In spring 2008, the Westchester Action Plan for Climate Change and Sustainable Development set a goal of reducing greenhouse gas emissions within the county 20 percent by 2015 (from 2005 levels) and 80 percent by 2050. The Action Plan lays out direct and capacity-building actions to achieve this goal by implementing short-, mid- and long-term strategies that engage county and municipal governments, the business sector, educational institutions and individual households.

The Pace Law/NYLCVEF survey shows that progress varies greatly among the goal areas. For example:

• 30 percent of participating municipalities have completed an inventory of their greenhouse gas emissions;

• 52 percent have audited their energy use to identify ways to conserve;

• Three out of four survey participants have programs designed to replace municipal vehicles with more energy-efficient models;

• 83 percent have integrated sustainability into their comprehensive plans;

• Slightly less than half (42 percent) have policies that encourage the use of environmentally sensitive products;

• 100 percent reported they follow best practices to manage stormwater and runoff in order to protect water resources; and

• Slightly more than half (52 percent) have developed plans for waste reduction, recycling and reuse.

The full report can be viewed online at www.nylcvef.org and www.law.pace.edu.

The report concludes that Westchester’s communities will need to continue current programs and take new actions to meet the Action Plan’s short-term goal of a 20 percent reduction in greenhouse gases by 2015.

“Despite the sluggish economy, opportunities do exist to make progress,” said Dean Dunn. “Many of the examples in our report demonstrate that changes to zoning, enforcement or purchasing both reduce greenhouse gas emissions and save taxpayer dollars.”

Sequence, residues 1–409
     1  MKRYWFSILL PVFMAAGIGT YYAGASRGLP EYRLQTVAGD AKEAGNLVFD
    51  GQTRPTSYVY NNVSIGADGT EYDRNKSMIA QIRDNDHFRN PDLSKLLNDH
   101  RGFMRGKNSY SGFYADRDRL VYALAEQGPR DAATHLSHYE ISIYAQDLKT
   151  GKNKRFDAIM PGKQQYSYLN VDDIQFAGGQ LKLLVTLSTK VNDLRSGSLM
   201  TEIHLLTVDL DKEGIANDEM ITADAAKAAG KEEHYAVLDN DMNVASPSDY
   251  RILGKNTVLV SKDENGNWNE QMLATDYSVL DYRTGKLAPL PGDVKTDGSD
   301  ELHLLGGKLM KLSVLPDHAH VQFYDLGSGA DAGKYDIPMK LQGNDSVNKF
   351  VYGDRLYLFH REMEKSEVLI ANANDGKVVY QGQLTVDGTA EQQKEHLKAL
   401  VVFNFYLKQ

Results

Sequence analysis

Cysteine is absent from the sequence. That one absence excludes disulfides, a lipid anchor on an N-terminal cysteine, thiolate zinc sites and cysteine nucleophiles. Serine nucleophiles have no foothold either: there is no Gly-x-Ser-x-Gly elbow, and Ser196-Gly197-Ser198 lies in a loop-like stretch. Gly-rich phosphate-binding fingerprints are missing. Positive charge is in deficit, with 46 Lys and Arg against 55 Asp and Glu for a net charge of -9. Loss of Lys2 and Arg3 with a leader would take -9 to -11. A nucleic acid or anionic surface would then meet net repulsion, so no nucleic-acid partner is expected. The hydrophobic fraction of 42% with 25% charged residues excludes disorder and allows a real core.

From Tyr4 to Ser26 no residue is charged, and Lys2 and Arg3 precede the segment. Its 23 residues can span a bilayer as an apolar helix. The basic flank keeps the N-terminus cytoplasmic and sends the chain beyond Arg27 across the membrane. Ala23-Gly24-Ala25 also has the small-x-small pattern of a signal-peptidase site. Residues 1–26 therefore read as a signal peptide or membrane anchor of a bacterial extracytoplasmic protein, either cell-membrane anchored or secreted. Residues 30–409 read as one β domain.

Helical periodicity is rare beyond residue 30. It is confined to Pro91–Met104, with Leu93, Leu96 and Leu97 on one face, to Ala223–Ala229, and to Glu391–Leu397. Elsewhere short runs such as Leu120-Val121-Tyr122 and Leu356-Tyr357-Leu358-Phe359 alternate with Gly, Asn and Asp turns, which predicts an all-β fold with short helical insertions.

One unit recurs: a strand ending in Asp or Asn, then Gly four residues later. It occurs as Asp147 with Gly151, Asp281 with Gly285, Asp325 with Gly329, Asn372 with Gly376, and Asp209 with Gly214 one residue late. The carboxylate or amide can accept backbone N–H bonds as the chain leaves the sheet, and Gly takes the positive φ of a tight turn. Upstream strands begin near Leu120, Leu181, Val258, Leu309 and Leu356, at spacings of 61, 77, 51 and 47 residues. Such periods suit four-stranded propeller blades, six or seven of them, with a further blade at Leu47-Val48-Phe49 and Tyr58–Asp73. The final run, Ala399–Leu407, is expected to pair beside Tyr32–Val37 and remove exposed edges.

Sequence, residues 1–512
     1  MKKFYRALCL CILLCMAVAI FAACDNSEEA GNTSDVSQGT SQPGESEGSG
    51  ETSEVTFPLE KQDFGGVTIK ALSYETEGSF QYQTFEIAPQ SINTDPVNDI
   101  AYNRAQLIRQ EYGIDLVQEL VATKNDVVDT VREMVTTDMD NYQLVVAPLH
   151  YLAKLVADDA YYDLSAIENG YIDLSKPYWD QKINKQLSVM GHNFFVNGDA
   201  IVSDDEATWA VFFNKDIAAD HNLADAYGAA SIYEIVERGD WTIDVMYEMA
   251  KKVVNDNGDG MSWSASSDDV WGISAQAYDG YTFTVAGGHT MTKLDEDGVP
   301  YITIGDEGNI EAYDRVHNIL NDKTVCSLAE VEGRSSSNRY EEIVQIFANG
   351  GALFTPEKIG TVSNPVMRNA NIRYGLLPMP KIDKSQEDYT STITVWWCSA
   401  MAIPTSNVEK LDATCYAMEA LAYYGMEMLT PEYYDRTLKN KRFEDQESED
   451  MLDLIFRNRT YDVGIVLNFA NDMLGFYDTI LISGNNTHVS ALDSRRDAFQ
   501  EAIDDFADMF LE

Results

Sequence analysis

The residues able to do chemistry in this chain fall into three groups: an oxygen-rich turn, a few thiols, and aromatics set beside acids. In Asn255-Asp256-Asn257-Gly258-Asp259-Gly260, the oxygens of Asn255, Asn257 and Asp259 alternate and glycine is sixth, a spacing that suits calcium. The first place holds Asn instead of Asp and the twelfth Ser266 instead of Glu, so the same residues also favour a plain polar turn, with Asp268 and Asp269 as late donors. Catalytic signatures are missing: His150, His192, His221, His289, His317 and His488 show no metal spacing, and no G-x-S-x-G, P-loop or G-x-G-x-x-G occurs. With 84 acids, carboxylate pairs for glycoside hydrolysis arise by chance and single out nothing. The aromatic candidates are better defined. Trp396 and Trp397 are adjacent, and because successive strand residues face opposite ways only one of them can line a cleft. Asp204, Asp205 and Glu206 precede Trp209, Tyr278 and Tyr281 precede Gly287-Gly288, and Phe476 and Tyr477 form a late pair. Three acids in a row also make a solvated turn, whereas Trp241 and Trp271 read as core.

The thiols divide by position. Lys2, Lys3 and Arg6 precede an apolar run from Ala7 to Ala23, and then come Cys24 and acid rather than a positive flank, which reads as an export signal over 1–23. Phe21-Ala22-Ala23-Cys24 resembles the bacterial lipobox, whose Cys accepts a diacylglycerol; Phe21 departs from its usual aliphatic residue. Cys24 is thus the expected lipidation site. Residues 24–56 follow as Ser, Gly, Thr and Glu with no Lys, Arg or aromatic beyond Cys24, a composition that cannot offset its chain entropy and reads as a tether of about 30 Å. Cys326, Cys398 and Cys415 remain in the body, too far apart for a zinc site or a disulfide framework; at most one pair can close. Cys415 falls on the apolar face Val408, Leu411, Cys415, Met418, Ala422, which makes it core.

NYLCVEF President Bystryn added: “This year ushered in new leadership for Westchester County and a number of municipalities. It is up to our new leaders to reaffirm climate reduction goals, preserve past actions and implement new steps that achieve even greater results. The longer government waits to meet the challenges of climate change, the more difficult and expensive it will be to do so down the road.”

Founded in 1976, Pace University School of Law has over 7,000 alumni throughout the country and the world and is consistently ranked among the nation’s top three programs in environmental law. It offers full- and part-time day and evening JD programs on its White Plains, NY, campus and offers the Master of Laws degree in Environmental Law, Real Estate Law and Comparative Legal Studies, and a Doctor of Laws in environmental law. The School of Law is part of Pace University, a comprehensive, independent, and diversified university with campuses in New York City and Westchester County. www.law.pace.edu

The New York League of Conservation Voters Education Fund (NYLCVEF) engages and educates New Yorkers on environmental issues and the environmental decision-making processes at the local, regional, state and federal government levels. NYLCVEF fosters open, non-partisan discussion on environmental policy and empowers New Yorkers to be effective advocates for the environment. www.nylcvef.org

Jammin’ for a Smart Planet